Statistics

Values are expressed as the means ± SE. One-way ANOVA was used to examine any significant differences in the average correlation coefficient and the correlation period of θ/δ with CBF and ZR(t) (text, Figs 2A and 3A) and the probability of locomotion (Figs 2C and 3C) between groups. One-way ANOVA for repeated measures was used to examine any significant differences in the trend changes of variables from the baseline in each group (Figs 2B, D and 3B, D). Two-way ANOVA for repeated measures was used to examine any significant differences in circulatory responses to graded levels of θ/δ (Figs 2B and 3B), the number of data used for the analysis (Table 1), and circulatory responses before and after an increase in θ/δ (Figs 2D and 3D) between groups. Subsequent post hoc tests to determine significant differences in the various pairwise comparisons were performed using Fisher's least significant difference test. Standard regression analysis was used in Fig. 4. All P values < 0.05 were considered significant.

Figure 4.

Relationship between the average correlation coefficient of θ/δ with ZR(t)vs. the probability of locomotion 
The average correlation coefficient of θ/δ with ZR(t) every 8 min vs. the probability of locomotion after an increase in θ/δ in wild-type control (WT) and V1a receptor knockout mice (V1a KO), and after local infusion of vehicle control (CNT) or a V1a receptor antagonist (V1a BLK) into the nucleus tractus solitarii of wild-type mice on individual values of 32 mice (8 mice × 4 groups) for Figs 2A, C and 3A and C. *Values were averaged after z transformation. We found a significantly high correlation between them (R2= 0.66, P < 0.001), indicating that the probability of locomotion after cerebral activation is reduced when linkage between cerebral activity and baroreflex control of HR is impaired.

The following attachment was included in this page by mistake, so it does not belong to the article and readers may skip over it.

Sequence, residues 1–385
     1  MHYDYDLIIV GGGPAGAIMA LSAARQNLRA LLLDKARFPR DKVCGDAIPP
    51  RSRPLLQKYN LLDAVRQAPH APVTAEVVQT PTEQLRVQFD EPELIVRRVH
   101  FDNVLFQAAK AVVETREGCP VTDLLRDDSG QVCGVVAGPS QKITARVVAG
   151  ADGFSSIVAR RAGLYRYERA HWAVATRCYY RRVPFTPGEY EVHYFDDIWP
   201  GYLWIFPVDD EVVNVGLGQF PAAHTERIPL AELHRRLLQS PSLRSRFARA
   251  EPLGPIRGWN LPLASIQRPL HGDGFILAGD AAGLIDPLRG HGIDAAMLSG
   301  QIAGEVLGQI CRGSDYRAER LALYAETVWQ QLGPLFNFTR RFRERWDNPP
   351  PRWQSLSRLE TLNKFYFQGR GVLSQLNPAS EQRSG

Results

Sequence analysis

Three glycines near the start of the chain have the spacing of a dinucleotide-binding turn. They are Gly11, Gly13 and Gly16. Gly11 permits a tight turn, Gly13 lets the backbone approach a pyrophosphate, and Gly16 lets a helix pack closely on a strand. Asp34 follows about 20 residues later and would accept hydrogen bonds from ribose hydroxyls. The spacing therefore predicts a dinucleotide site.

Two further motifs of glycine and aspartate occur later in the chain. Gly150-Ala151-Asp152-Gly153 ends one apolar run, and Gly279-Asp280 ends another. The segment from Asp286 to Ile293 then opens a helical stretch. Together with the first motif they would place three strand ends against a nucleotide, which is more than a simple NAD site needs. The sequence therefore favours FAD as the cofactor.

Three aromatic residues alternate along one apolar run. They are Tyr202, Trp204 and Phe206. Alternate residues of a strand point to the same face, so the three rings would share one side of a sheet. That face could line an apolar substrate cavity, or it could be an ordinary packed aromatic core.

Results

The 1st experiment: genetic deletion of V1a receptors

Changes in θ/δ and CBF vs. baroreflex control of HR in V1a KO miceFigure 1 shows typical examples of activity counts, θ/δ, CBF, R(t), ΔHR/ΔMAP, HR and MAP every 4 s in the free-moving state for 60 min during the lights-on period. In a WT mouse, R(t) increased as θ/δ and CBF increased while it decreased as they decreased. On the other hand, in a V1a KO mouse, R(t) did not change in response to the changes in θ/δ and CBF. Accordingly, we performed cross-correlation analysis of θ/δ with CBF and ZR(t).

This analysis was performed for the resting period, which was 540 ± 23 and 498 ± 21 min of the total measuring period of 720 min in V1a KO and WT mice, respectively, with no significant difference between groups (P= 0.20). The analysis between θ/δ and CBF showed that the average correlation coefficient every 8 min was 0.36 ± 0.07 and 0.37 ± 0.03 in V1a KO and WT mice, respectively, with no significant difference between groups (P= 0.84). Also, the positive correlation period was 65 ± 6 and 68 ± 2% of the resting period in V1a KO and WT mice, respectively, with no significant difference between groups (P= 0.66). However, as shown in Fig. 2A, the analysis between θ/δ and ZR(t) showed that the average correlation coefficient and the positive correlation period in V1a KO mice were both about half of those in WT mice (P < 0.001).